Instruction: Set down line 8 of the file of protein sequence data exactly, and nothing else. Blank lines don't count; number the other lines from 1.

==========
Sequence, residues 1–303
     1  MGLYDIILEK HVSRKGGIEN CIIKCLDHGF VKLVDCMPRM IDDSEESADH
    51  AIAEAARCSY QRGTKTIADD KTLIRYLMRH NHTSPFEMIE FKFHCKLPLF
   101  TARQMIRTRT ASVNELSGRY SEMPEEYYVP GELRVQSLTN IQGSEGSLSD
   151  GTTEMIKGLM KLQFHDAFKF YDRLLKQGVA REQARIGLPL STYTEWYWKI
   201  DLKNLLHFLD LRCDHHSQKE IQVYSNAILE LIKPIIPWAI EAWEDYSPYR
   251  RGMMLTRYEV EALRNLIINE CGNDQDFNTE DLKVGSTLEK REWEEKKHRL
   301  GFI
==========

   301  GFI